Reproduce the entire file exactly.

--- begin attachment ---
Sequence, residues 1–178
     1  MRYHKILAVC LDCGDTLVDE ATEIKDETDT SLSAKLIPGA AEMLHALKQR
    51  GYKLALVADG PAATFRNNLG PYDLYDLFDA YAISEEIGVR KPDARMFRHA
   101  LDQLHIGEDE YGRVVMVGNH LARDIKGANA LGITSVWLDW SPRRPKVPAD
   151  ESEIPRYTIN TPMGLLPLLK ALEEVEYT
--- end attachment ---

Sequence, residues 1–178
     1  MRYHKILAVC LDCGDTLVDE ATEIKDETDT SLSAKLIPGA AEMLHALKQR
    51  GYKLALVADG PAATFRNNLG PYDLYDLFDA YAISEEIGVR KPDARMFRHA
   101  LDQLHIGEDE YGRVVMVGNH LARDIKGANA LGITSVWLDW SPRRPKVPAD
   151  ESEIPRYTIN TPMGLLPLLK ALEEVEYT